Turbidity | Peer Reviewed Journals

Global Research Journal of Science and Nature
Open Access


Turbidity is the measure of relative clarity of a liquid. It is an optical characteristic of water and is a measurement of the amount of light that is scattered by material in the water when a light is shined through the water sample. The higher the intensity of scattered light, the higher the turbidity. Material that causes water to be turbid include clay, silt, very tiny inorganic and organic matter, algae, dissolved coloured organic compounds, and plankton and other microscopic organisms.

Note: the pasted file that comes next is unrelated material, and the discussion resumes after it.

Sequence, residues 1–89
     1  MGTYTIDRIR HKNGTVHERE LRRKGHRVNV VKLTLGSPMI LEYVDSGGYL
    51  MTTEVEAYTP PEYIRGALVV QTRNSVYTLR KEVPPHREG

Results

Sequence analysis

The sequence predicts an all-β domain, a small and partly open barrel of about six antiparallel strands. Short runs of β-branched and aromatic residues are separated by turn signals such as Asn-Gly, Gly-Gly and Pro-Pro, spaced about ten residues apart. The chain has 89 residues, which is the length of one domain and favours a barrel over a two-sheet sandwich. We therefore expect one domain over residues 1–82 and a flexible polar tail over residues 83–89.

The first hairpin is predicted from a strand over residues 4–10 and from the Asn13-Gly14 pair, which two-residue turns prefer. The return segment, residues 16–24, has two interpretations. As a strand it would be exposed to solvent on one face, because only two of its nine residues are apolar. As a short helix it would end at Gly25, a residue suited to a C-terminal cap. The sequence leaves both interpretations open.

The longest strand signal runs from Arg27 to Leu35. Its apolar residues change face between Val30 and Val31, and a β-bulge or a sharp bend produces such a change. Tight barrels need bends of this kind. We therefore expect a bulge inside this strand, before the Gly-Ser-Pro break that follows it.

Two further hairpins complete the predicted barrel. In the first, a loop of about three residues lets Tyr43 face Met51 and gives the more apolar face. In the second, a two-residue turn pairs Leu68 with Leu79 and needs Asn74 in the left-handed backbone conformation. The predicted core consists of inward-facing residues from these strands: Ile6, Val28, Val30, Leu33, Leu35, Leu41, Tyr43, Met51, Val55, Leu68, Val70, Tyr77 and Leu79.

Turbidity makes water cloudy or opaque. The picture to the right shows a U.S. Geological Survey (USGS) hydrologist sampling highly turbid water in the Colorado River in Arizona. The water collected in a bottle will be used to find out the turbidity, which is measured by shining a light through the water and is reported in nephelometric turbidity units (NTU). During periods of low flow (base flow), many rivers are a clear green colour, and turgidities are low, usually less than 10 NTU. During a rainstorm, particles from the surrounding land are washed into the river making the water a muddy brown colour, indicating water that has higher turbidity values. Also, during high flows, water velocities are faster and water volumes are higher, which can more easily stir up and suspend material from the stream bed, causing higher turgidities.

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